Philosophy vs. Ideology

While they can be used interchangeably under certain circumstances, there is generally an important distinction between the meaning of the terms philosophy and ideology.  One is based on actual observation of the world around us and the application of logic to those observations to derive a system or method of thinking which is then applied to one’s daily life.  In a very real sense, a philosophy is a way of life which may incorporate but does not embody a political agenda.  On the other hand, ideology is usually based in theory, the precepts of which often have little or no connection to actual observations in the real world.  And, unlike philosophy, ideology generally defines a group identity or political agenda.  It is important that we understand the differences between philosophy and ideology so that we can recognize them when we encounter them in the real world.

A working or practical definition of philosophy would be:

phi·los·o·phy

: the study of ideas about knowledge, truth, the nature and meaning of life, etc.

: a particular set of ideas about knowledge, truth, the nature and meaning of life, etc.

: a set of ideas about how to do something or how to live

But the fuller definition is:

Full Definition of PHILOSOPHY

1a (1) :  all learning exclusive of technical precepts and practical arts (2) :  the sciences and liberal arts exclusive of medicine, law, and theology <a doctor of philosophy> (3) :  the 4-year college course of a major seminary

c :  a discipline comprising as its core logic, aesthetics, ethics, metaphysics, and epistemology

2a :  pursuit of wisdom

b :  a search for a general understanding of values and reality by chiefly speculative rather than observational means

c :  an analysis of the grounds of and concepts expressing fundamental beliefs

3a :  a system of philosophical concepts

b :  a theory underlying or regarding a sphere of activity or thought <the philosophy of war>

4a :  the most basic beliefs, concepts, and attitudes of an individual or group

b :  calmness of temper and judgment befitting a philosopher

[Note: while this is partially true, the assertion that philosophy is based in logic negates the notion that physical observation and experimentation have nothing to do with philosophy.  The modern concept of science is based on the work of philosophers.]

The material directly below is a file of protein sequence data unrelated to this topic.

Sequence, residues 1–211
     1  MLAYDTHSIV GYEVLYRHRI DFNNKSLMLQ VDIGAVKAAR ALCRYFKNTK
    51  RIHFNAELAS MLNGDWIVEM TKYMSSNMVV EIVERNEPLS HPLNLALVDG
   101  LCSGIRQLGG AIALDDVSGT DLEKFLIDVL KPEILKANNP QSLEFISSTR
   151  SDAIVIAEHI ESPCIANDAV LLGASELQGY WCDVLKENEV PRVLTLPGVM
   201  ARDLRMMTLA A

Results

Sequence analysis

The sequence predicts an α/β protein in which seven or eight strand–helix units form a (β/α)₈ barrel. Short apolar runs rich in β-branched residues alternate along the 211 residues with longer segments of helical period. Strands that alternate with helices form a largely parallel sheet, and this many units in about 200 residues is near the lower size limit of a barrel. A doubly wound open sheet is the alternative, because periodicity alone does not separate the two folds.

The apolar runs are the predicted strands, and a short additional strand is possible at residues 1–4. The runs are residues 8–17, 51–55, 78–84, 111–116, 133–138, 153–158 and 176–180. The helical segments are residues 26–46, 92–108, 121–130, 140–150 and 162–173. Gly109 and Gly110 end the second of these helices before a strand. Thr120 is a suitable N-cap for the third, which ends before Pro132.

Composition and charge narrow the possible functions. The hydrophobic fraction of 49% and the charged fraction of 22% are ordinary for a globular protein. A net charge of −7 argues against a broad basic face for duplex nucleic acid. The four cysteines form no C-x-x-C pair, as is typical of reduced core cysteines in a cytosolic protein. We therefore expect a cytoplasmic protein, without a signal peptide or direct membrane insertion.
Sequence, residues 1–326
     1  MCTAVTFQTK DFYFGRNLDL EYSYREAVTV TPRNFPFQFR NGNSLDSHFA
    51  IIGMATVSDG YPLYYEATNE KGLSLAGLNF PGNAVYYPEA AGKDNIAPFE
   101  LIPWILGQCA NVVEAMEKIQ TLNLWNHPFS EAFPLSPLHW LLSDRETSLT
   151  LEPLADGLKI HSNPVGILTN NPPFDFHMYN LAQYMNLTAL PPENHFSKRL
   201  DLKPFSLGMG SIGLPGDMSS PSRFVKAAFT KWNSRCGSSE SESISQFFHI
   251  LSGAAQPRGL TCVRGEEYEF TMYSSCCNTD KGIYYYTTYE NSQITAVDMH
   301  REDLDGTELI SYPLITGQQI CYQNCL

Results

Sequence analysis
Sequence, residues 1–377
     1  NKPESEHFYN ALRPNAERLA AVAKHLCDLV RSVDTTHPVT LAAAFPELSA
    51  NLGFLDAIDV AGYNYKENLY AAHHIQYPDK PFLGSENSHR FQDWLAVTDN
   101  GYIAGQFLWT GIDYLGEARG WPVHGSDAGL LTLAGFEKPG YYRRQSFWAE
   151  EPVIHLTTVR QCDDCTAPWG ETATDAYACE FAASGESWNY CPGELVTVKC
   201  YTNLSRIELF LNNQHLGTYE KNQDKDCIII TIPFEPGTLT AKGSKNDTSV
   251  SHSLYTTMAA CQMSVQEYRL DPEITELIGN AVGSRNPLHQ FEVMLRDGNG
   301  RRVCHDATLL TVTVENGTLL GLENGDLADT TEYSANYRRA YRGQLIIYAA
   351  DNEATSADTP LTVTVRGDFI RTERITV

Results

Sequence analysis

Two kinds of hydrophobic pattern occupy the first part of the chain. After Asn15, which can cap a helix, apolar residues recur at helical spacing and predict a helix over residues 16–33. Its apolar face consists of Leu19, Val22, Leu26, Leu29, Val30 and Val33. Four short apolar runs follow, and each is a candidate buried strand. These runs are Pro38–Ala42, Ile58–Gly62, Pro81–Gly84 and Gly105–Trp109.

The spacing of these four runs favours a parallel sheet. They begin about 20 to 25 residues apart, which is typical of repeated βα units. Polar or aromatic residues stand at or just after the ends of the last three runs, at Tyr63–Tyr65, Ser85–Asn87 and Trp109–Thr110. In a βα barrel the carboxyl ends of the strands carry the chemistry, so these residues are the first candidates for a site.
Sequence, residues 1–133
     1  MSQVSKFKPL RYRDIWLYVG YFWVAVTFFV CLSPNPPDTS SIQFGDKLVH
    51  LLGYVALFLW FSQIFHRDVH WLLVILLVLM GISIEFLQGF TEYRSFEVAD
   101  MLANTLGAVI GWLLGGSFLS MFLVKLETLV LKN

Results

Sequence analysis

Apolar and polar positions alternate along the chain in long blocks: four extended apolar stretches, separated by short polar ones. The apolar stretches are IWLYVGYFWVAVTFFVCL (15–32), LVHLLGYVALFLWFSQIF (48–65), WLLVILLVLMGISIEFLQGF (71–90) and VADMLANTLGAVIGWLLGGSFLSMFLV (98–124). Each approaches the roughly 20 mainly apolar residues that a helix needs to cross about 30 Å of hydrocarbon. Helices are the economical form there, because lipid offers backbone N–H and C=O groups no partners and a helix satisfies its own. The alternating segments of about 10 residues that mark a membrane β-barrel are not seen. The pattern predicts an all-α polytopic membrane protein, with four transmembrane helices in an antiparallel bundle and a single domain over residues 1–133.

What we understand as “conservatism” is an excellent example of a philosophy.  By “conservatism,” I mean the philosophy established by and most often credited to Sir Edmund Burke. I state this because there is a difference between Burke’s philosophy of conservatism and the political notion of conservatism as expressed in contemporary American politics – but that is a subject for another post.  What matters here is that Burke worked out a thorough system of thinking and dealing with the matters of social, economic, religious and political life. In a nut shell, Burke accepted change, but he stressed the need to change slowly, deliberately and with due consideration to the effects of change on heritage, tradition and culture.  In essence, Burke sought to preserve those things which identify a people, their culture: hence the name, “Conservative.”

But note: Burke’s philosophy allowed for change.  So, if advancements in technology necessitated change, or if actual observation revealed a flaw in a law or social norm, Burke’s philosophy made allowances to change, to adapt to the times.  In addition, Burke’s philosophy not only allowed for individual rights and liberty, it advocated their protection through the rule of law.  The same cannot be said about an ideology.

Again, the working or practical definition:

ide·ol·o·gy

: the set of ideas and beliefs of a group or political party

And the full definition:

Full Definition of IDEOLOGY

1:  visionary theorizing

2a :  a systematic body of concepts especially about human life or culture

b :  a manner or the content of thinking characteristic of an individual, group, or culture